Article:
The impact of providing dignified dementia care is emphasised throughout the Nursing Code of Ethics, requiring RNs to actively preserve patient dignity through compassion and recognition of client vulnerability owing to their illness (Nursing and Midwifery Board of Australia, 2008). Furthermore, a nurse’s obligation to engage in reflective practice can result in a genuine empathy for individuals through enhanced awareness of their own needs if they were in a similar situation, contributing to the delivery of respectful care (Tranvåg et al 2013).

Nurses can improve the provision of dignified dementia care by exhibiting genuine respect for the patient, understanding that they are a unique individual in a distinctive situation, and possessing an inherent desire to help achieve a better quality of life (Tranvåg et al 2013).

 

Conclusion

Dementia has a detrimental impact on a person’s self-worth as it progressively deteriorates their ability to independently perform daily activities, affecting both mental and physical capacity. Nurses offer a unique contribution to improved living standards for those living with dementia as they provide a majority of the personal daily treatment requirements and embrace a holistic care model focusing on person-centredness. Through client education and health promotion, nurses can incorporate interventions that have demonstrated increased wellness outcomes for patients and their families including regular physical activity, socialisation, maintaining functional independence and promoting the delivery of dignified treatment. Nurses as patient advocates have a fundamental responsibility to promote public awareness of dementia as its prevalence is expanding rapidly on a global scale, and poses significant implications for the health care system. Nurses look past the debilitating medical condition consuming a person living with dementia, and instead recognise each individual who is deserving of compassion, dignified treatment and a better quality of life: this is why nurses can make all the difference.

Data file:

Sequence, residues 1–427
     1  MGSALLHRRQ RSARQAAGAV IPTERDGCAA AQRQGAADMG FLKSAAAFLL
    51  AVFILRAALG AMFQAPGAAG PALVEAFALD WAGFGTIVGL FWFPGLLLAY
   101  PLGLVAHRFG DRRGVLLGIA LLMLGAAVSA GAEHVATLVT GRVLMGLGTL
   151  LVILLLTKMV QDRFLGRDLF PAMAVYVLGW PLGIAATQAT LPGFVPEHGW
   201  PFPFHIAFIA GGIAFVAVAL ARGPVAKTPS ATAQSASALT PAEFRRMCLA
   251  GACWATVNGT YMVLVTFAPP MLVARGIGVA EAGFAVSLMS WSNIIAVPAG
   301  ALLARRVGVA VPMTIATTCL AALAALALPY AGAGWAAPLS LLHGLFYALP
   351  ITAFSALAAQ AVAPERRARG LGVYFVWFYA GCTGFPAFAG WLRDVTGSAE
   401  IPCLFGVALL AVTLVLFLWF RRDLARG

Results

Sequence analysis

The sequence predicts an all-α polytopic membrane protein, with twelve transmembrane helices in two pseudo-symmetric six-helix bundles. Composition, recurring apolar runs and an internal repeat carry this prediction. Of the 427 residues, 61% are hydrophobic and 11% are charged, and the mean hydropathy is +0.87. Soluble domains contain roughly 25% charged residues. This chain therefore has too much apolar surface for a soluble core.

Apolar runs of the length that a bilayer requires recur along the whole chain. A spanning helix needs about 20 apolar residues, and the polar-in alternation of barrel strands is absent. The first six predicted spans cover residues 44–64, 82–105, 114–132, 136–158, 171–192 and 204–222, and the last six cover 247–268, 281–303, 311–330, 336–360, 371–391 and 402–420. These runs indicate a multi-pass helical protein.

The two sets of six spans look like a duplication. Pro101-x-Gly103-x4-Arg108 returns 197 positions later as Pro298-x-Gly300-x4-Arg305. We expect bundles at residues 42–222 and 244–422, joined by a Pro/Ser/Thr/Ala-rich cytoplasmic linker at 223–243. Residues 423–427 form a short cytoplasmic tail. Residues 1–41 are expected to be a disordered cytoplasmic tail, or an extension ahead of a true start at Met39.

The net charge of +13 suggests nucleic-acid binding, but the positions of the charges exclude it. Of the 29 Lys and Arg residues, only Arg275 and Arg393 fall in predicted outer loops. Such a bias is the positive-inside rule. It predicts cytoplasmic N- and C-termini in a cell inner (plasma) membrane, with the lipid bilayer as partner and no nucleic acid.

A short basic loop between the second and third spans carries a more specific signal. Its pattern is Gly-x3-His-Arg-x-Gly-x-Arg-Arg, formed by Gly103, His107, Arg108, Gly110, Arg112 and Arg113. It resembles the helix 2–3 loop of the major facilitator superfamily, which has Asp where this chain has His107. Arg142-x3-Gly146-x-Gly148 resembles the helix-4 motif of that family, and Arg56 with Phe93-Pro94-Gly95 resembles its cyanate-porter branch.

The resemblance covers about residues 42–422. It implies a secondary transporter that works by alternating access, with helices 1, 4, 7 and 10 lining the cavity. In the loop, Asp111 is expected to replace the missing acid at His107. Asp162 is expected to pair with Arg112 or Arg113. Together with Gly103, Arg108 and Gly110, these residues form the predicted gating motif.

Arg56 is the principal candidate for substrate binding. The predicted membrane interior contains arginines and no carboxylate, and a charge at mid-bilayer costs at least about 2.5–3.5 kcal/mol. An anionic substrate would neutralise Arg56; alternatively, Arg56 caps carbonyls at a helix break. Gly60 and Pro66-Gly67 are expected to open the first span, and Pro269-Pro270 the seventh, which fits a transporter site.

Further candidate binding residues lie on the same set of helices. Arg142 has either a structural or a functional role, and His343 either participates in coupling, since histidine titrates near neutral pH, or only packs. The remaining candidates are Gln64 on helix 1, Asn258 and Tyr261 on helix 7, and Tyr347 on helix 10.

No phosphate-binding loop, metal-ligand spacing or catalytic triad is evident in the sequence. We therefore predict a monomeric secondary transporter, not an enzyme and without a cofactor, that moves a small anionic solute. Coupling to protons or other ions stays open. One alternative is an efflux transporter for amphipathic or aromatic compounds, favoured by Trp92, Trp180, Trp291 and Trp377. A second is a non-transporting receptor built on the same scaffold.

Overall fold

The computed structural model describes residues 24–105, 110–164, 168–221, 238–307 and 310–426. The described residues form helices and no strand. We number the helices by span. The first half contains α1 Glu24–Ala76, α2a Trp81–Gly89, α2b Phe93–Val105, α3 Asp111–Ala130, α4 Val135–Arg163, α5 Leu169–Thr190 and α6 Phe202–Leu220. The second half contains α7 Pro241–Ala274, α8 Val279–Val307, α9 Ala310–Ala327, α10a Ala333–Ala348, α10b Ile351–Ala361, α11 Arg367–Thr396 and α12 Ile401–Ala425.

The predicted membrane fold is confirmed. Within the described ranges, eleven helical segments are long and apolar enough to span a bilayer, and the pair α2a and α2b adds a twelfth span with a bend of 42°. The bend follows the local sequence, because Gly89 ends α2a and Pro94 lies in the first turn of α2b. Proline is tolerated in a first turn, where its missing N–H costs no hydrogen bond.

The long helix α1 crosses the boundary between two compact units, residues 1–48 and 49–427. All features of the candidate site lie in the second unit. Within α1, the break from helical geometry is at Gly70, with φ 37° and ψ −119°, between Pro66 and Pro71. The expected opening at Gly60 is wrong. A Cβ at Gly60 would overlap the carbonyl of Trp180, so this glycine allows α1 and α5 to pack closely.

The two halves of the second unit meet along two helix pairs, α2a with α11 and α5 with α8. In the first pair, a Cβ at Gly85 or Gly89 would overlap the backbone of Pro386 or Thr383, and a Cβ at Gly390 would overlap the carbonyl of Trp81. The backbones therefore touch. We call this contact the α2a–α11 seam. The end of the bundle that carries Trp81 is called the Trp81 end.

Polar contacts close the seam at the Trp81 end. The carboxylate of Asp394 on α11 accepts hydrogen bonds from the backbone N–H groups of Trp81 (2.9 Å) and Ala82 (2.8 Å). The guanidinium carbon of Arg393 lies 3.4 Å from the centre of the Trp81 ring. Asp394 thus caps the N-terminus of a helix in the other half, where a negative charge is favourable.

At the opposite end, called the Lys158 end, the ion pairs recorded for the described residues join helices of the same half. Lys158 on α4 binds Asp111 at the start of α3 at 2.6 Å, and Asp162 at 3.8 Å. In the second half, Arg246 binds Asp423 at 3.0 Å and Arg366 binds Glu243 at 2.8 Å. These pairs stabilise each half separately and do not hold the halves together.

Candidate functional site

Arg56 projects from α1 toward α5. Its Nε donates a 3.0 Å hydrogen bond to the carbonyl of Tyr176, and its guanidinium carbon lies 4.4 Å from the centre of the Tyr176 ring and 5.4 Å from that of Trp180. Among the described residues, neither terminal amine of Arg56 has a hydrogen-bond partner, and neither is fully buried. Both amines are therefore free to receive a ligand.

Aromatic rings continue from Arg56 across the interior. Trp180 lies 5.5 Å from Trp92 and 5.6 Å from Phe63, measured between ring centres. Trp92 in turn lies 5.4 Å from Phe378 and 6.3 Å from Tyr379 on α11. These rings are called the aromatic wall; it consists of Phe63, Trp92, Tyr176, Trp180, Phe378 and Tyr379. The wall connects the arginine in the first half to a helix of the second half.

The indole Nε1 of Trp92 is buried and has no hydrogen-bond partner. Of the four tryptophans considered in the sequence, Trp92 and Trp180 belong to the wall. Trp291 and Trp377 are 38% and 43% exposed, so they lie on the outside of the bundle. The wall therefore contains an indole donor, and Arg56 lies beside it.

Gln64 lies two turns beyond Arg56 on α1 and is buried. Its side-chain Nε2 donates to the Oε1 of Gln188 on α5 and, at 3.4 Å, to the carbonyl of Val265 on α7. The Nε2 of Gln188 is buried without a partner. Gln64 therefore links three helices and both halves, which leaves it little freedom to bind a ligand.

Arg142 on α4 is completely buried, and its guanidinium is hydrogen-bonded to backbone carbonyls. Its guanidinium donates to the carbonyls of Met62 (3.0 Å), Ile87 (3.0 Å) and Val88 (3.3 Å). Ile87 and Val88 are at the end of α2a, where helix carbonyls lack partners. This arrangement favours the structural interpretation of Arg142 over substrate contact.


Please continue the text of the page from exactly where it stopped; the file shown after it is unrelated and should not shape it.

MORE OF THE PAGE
References